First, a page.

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HDL therapies — past, present and future

Ronald Barbaras

Article ID: 136
Vol 1, Issue 2, 2017, Article identifier:2–11

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For a number of years, high-density lipoprotein (HDL) has been recognized to have an athero-protective role by promoting reverse lipid transport, a process facilitating the cholesterol efflux from atherosclerotic plaques in the artery wall and its elimination by the liver via biliary excretion. On the contrary, low-density lipoprotein (LDL) particles carry cholesterol to the organs and tissues where it can be used to produce hormones or maintain cell metabolism. When an imbalance develops, as a result of either an excess level of cholesterol associated with LDL (LDL-C) or a less effective cholesterol elimination by HDL (HDL-C), this causes an excess of cholesterol to be transported to the tissues and promotes the deposition of cholesterol. This often occurs in the artery walls, particularly in the coronary arteries. There is no approved medical treatment for directly suppressing or treating the atherosclerotic plaque once it is formed. Epidemiological studies have shown that the risk of developing cardio-vascular disease (CVD) is higher in patients with low levels of HDL-C regardless of LDL-C levels, even in patients optimally treated with LDL-C-lowering therapies. These data highlight that low HDL-C and low HDL particle number is an important target of therapies aiming to reduce the residual risk of CVD.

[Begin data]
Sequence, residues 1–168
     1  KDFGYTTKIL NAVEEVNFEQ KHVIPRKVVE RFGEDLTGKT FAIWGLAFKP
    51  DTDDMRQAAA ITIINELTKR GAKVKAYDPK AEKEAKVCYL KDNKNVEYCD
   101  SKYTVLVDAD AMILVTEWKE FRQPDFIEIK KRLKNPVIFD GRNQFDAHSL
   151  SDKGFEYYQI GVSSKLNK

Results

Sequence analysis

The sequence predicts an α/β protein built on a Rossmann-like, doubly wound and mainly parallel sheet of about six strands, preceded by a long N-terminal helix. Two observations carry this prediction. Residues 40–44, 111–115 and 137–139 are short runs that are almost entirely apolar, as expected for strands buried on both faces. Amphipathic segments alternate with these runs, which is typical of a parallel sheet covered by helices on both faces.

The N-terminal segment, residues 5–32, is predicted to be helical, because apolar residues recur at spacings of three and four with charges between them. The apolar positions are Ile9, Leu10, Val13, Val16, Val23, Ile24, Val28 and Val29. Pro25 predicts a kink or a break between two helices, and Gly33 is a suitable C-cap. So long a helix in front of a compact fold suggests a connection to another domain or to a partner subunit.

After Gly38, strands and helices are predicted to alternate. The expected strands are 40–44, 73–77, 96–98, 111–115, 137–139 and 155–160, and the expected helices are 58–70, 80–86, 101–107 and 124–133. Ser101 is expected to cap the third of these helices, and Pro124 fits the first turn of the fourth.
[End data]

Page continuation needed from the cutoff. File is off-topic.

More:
high-density lipoprotein; low-density lipoprotein; apolipoprotein A-I; atherosclerosis; cholesterol; P2Y receptors

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